Late-night shake-up?

Mar 4, 2002  •  Post A Comment

Not all ABC affiliates are applauding the network’s decision to go after David Letterman.
“I have yet to hear one affiliate say they are disenchanted with having `Nightline’ as a companion to their late news,” said Bruce Baker, the Cox Television executive who is chairman of the ABC affiliates advisory board.
Mr. Baker’s reference to “Nightline” is about the network’s apparent interest in ousting the show from its current time period as it makes an all-out effort to land Mr. Letterman.
“Affiliates for a long period of time now have worked to put `Nightline’ in a strong position and are fond of the show and [of] Ted as a journalist,” Mr. Baker said.
Mr. Baker, whose company owns stations in smaller markets, said that while he believes Mr. Letterman would bring salable demographics to ABC and would have an easy time earning clearances from affiliates, he doesn’t think all that would translate into much impact at the local level.
At another ABC affiliate, the general manager of a strong Midwest station for which “Nightline” performs well said he is torn between an “attachment” to news in that time slot and a desire to applaud “bold” thinking by ABC.
“Nightline” and “Politically Incorrect,” the companion show that follows it on most stations, have been losing some $10 million a year, according to The New York Times. Numerous sources said “Nightline” turns a $13 million-a-year profit. Mr. Koppel makes a reported $10 million a year.
Just what ABC might be waving under Mr. Letterman’s nose was uncertain Friday, but someone familiar with Mr. Letterman over the years said this move would not have anything to do with beating Mr. Leno, who has led the ratings race for the past seven years, but would be about who shows Mr. Letterman the most money and, perhaps, jumps through the most hoops.
Mr. Letterman, whose prickly relations with management have long been a staple of his on-air persona and his comedy, has made ample fun of CBS, its demographics and its president, Leslie Moonves.
Neither ABC nor CBS was commenting on the talks-nor was Mr. Letterman’s camp, which has this week off.
There was a sense that the deal could be decided shortly after Mr. Letterman returns from vacation.
A statement issued by a spokesperson for Mr. Letterman’s Worldwide Pants, which produces “Late Show” and “The Late Late Show With Craig Kilborn” for CBS, said, “We are currently in negotiations with the CBS Television Network. It would be inappropriate at this time to discuss any inquiries we may have received from other networks.”
Mr. Letterman makes some $20 million a year at CBS, which had no late-night franchise until the host left NBC in 1993 after being passed over in favor of Mr. Leno as host of “The Tonight Show.”
If Mr. Letterman were to leave CBS, it is likely that the network would not want to renew “Kilborn,” and ABC does not seem interested in Mr. Kilborn as a late-night option.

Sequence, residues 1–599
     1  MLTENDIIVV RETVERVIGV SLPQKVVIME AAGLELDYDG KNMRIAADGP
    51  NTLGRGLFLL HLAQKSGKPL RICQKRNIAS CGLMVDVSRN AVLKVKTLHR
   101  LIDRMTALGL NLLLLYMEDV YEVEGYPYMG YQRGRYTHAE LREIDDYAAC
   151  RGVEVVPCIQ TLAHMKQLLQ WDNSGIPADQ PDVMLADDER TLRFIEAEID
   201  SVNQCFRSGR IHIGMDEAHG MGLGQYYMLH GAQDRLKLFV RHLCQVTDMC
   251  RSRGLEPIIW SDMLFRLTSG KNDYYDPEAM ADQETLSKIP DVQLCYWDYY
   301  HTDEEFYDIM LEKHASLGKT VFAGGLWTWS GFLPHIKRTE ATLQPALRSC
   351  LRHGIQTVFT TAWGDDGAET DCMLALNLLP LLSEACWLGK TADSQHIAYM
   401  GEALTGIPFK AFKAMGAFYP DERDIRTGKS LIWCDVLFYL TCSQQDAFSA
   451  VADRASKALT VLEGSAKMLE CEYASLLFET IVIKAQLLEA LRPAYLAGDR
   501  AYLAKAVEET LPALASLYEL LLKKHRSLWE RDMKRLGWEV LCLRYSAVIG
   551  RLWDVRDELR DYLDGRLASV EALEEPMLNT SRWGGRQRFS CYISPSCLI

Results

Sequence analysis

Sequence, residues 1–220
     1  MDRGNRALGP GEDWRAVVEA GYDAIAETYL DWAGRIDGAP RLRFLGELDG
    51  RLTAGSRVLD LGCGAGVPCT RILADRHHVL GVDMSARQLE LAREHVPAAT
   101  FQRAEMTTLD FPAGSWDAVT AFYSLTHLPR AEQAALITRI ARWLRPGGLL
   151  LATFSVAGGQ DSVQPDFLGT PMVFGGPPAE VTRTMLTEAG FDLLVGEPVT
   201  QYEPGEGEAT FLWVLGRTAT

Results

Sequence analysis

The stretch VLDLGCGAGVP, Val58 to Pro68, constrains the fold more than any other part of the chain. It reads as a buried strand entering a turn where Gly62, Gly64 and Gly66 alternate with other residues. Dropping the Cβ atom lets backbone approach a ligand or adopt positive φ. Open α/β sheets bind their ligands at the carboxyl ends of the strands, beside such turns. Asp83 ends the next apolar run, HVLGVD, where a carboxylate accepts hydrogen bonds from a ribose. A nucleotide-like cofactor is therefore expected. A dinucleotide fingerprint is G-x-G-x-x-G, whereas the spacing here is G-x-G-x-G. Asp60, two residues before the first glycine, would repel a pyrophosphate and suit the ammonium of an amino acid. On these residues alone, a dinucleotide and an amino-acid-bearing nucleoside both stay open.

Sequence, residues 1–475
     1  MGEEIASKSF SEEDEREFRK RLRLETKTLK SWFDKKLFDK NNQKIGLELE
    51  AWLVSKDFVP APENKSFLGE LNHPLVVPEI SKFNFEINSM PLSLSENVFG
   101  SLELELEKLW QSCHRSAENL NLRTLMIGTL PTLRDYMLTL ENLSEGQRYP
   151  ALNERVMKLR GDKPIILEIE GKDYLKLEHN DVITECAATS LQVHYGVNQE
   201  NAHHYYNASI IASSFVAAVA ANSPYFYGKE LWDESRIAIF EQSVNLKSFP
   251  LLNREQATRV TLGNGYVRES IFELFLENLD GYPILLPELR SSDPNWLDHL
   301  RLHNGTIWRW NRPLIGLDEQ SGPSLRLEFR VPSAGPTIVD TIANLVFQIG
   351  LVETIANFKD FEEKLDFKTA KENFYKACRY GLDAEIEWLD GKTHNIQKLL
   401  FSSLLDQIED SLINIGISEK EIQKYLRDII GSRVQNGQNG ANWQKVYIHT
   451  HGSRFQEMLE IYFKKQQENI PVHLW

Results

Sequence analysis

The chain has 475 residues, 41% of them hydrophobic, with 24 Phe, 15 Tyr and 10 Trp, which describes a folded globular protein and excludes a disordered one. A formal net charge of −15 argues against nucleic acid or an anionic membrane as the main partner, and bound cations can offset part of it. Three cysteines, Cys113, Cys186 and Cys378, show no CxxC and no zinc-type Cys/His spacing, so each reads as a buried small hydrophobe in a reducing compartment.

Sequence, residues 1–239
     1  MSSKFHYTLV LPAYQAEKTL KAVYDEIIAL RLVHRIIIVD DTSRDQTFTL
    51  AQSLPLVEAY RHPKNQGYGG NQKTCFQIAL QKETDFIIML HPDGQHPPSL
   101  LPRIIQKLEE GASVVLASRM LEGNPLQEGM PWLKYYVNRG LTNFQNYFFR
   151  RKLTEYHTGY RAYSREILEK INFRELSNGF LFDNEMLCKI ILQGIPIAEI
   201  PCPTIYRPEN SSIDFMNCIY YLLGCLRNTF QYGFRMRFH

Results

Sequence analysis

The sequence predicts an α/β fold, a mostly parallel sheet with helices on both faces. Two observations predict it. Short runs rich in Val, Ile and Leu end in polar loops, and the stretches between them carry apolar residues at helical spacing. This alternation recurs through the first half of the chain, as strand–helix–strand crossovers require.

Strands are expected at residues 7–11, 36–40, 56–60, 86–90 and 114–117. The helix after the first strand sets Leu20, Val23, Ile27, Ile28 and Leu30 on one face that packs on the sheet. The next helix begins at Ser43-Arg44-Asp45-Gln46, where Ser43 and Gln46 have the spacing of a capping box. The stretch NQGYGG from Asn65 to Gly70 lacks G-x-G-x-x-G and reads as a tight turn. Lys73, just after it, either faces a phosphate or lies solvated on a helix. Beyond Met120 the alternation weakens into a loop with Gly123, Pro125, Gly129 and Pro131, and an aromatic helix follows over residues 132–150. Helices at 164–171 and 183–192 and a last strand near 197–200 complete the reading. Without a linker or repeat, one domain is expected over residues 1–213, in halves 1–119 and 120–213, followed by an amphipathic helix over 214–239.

Meanwhile, in ABC News’ Washington bureau, Mr. Koppel and his staff spent Friday assessing options and sorting out feelings.
Sources said Disney President Bob Iger had called Mr. Koppel Friday to say that, indeed, the network really, really wants Mr. Letterman, However, Mr. Iger also reportedly said that Mr. Letterman’s chief concern is that Mr. Koppel, who has been a Letterman guest over the years and even performed the occassional Stupid Human Trick, not be bloodied in the process.
Mr. Koppel’s right-hand man, Tom Bettag, reportedly learned Thursday of ABC’s plans to jettison “Nightline” from its time slot of 21 years. Insiders said Mr. Koppel and Mr. Bettag then assembled staffers via conference call to fill them in on the news.
Lending the unexpected revelation a deeper sense of doom was that among those kept in the dark was ABC News President David Westin, the former lawyer who has played the good corporate soldier at some cost to his wish to be accepted as a news executive.
The move comes less than a year after ABC Entertainment executives, trying to save the struggling “Once and Again,” evicted “20/20” and Barbara Walters from their Friday night home, a move from which “20/20” has not recovered.
There was also talk late Friday that Ms. Walters had called ABC Television President Steve Bornstein and noted that the network was on the verge of doing to Mr. Koppel what it had done to her.
More than one person pointed out Friday that Ms. Walters, through her prime-time specials, her daytime hit “The View” and the long reign of “20/20” as the Goliath of Friday night, has been a bigger cash cow than “Nightline” over the years.
So while one insider described the news division as “devastated” by another signal that news is no longer a golden beacon at the network, there also was angry resignation that “Nightline” anchor Ted Koppel had only himself to blame for not waking up and smelling the coffee.
In recent years, even as increased competition from 24-hour cable news operations has made most news stories stale long before 11:35 p.m., Mr. Koppel has decreased his visibility and participation on the show and has resisted management’s pleas to do more live, topical shows and to do what other ABC News stars do: promote his show with appearances on other network shows.